A hitchhiker is an item that is placed in a cache and has instructions to travel to other caches. Sometimes they have logbooks attached so you can log their travels. A Travel Bug is an example of a hitchhiker.
What is a Geocaching Trackable?
A Mega-Event cache is an Event Cache that is attended by 500+ people. Mega-Events offer geocachers a day of planned activities. There are often several days of additional activities surrounding a Mega-Event. These large events attract geocachers from all over the world and are often held annually.
Read & Watch our experience at the Geocaching HQ Block Party Mega Event
What is a Geocache Muggle?
A non-geocacher. Based on “Muggle” from the Harry Potter series, which is a non-magical person. Usually, this term is used after non-geocacher looks puzzled after befriending a geocacher searching for a cache, or when a non-geocacher accidentally finds a cache. Geomuggles are mostly harmless.
Multi-Cache (Offset Cache)
A Multi-Cache (“multiple”) involves two or more locations. The final location is a physical container. There are many variations, but most Multi-Caches have a hint to find the second cache, and the second cache has a hint to the third, and so on. An offset cache (where you go to a location and get hints to the actual cache) is considered a Multi-Cache.
Mystery or Puzzle Caches
The “catch-all” of cache types, this form of geocache may involve complicated puzzles that you will first need to solve to determine the coordinates. Mystery/Puzzle Caches often become the staging ground for new and unique geocaches that do not fit in another category.
Pocket Query (PQ)
A Premium Member feature, a Pocket Query is a custom geocache search that you can have emailed to you on a daily or weekly basis. Pocket Queries give you the ability to filter your searches so you only receive information on the caches you want to search for in either a GPX of LOC format. This feature lets you download up to 500 caches at one time.
Volunteers from all over the world who publish the cache listings on geocaching.com.
Hints for geocaches are encrypted using a simple format where each of the letters is rotated 13 characters up or down in the alphabet.
(letter above equals below, and vice versa)
An item was unique to a specific geocacher that is left behind in caches to signify that they visited that cache. These often include personal geocoins, tokens, pins, craft items, or calling cards.
A spoiler is an information that can give details away and ruin the experience of something. For example, telling someone the end of a movie before they see it. In geocaching, a spoiler gives away details of a cache location and can ruin the experience of the find.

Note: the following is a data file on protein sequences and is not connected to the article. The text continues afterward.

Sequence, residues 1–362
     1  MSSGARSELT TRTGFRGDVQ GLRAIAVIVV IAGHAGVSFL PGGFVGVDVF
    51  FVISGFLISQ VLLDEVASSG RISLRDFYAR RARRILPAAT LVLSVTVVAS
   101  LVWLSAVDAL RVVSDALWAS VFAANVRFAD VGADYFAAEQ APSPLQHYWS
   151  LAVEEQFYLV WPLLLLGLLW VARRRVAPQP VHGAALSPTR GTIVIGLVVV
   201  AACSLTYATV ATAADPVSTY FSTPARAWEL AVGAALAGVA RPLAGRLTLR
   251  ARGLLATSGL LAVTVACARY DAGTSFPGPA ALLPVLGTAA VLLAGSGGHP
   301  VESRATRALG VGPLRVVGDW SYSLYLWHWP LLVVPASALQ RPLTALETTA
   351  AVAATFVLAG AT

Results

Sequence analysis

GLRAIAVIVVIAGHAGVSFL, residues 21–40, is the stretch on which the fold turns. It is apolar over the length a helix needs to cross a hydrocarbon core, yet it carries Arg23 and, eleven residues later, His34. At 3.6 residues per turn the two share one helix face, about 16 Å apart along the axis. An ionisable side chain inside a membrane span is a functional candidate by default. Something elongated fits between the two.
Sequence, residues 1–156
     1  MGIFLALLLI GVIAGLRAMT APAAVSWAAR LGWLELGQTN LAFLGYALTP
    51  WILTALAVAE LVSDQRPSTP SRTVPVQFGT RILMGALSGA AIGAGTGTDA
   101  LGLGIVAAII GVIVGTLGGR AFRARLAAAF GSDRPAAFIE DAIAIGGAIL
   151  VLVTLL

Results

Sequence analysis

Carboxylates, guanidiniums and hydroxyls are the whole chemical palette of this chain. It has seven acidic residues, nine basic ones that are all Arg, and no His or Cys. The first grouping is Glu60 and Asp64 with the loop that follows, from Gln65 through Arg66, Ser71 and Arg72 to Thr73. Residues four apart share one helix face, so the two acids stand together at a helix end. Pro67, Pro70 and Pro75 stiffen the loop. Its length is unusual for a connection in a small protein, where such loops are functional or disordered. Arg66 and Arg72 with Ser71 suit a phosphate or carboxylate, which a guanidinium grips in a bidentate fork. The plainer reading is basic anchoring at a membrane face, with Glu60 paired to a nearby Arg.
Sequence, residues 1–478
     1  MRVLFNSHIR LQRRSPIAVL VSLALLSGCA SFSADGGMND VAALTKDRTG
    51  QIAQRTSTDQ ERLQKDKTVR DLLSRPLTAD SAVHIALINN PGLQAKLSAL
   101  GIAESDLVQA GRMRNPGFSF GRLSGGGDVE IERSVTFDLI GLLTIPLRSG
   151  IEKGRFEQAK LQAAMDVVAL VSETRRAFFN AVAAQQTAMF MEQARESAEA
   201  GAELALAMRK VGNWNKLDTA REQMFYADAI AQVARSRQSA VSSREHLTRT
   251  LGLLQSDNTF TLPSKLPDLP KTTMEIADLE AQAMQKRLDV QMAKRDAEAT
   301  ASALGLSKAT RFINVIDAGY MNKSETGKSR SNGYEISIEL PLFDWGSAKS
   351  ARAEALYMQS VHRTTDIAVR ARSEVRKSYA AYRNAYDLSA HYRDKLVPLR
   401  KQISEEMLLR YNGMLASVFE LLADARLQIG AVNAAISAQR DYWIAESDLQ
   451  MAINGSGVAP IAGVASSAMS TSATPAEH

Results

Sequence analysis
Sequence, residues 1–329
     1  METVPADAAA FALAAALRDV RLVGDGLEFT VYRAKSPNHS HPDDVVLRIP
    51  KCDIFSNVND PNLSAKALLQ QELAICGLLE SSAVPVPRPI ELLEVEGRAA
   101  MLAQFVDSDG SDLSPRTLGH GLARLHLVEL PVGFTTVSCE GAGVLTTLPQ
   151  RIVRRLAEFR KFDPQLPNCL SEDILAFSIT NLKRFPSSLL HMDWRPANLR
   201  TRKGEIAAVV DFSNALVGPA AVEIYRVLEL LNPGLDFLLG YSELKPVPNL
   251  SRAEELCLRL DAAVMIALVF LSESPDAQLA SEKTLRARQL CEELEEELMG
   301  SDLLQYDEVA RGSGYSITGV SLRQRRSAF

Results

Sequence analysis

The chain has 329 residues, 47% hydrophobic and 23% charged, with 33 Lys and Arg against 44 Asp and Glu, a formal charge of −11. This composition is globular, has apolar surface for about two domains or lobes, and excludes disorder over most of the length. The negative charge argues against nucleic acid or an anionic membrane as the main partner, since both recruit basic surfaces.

An acronym often referred to as standing for ‘Stuff We All Get.” It includes the trade items left in caches by geocachers.
TFTC (Thanks for the Cache)
An acronym is written by geocachers in physical cache logbooks or online when logging cache finds. You will see this when people sign the logbook in Geocaching.
TFTH (Thanks for the Hide)
TFTH is an acronym for “Thanks For The Hide”. You will see this when people sign the logbook to the geocache.
TNLN (Took Nothing/Left Nothing)
Took Nothing. Left Nothing. Usually written in cache logbooks by geocachers who do not trade for material contents in a cache.
TNLNSL / TNSL
Took Nothing. Left Nothing. Signed Logbook / Took Nothing. Signed Logbook.
TOTT (Tools of the Trade)
Tools of the Trade is an acronym used for any of the tools that might be used to search for/retrieve/find/log a geocache.
This is the original geocache type consisting of, at minimum, a container and a log book or logsheet. Larger containers generally include items for trade. “Nano” or “micro” caches are tiny containers that only hold a logsheet. The coordinates listed on the traditional cache page provide the geocache’s exact location.
Trackable or Travel Bug®
A Groundspeak Travel Bug is a Geocaching trackable tag that you attach to an item. This allows you to track your item on Geocaching.com. The item becomes a hitchhiker that is carried from cache to cache (or person to person) in the real world and you can follow its progress online.
A Virtual Cache is about discovering a location rather than a container. The requirements for logging a Virtual Cache vary—you may be required to answer a question about the location, take a picture, complete a task, etc. In any case, you must visit the coordinates before you can post your log.
Although many locations are interesting, a Virtual Cache should be out of the ordinary enough to warrant logging a visit.
A waypoint is a reference point for a physical location on Earth. Waypoints are defined by a set of coordinates that typically include longitude, latitude, and sometimes altitude.
Every geocache listed on our website is a waypoint. Geocaching.com generates a unique “GC Code” associated with every geocache listing.
These are caches that use existing web cameras placed by individuals or agencies that monitor various areas like parks or business complexes. The idea is to get yourself in front of the camera to log your visit. The challenging part is that you need to call a friend to look up the web site that displays the camera shot. You will need to have them to save the picture in order to log the cache. If you’re a tech-head you could save the image yourself by using a wireless modem and a laptop.
Wherigo is a toolset for creating and playing GPS-enabled adventures in the real world. By integrating a Wherigo experience, called a cartridge, with finding a cache, the geocaching hunt can be an even richer experience. Among other uses, Wherigo allows geocachers to interact with physical and virtual elements such as objects or characters while still finding a physical geocache container. A Wherigo-enabled GPS device is required to play a cartridge. Learn more at Wherigo.com.
** All glossary terms and descriptions were obtained at Geocaching.com.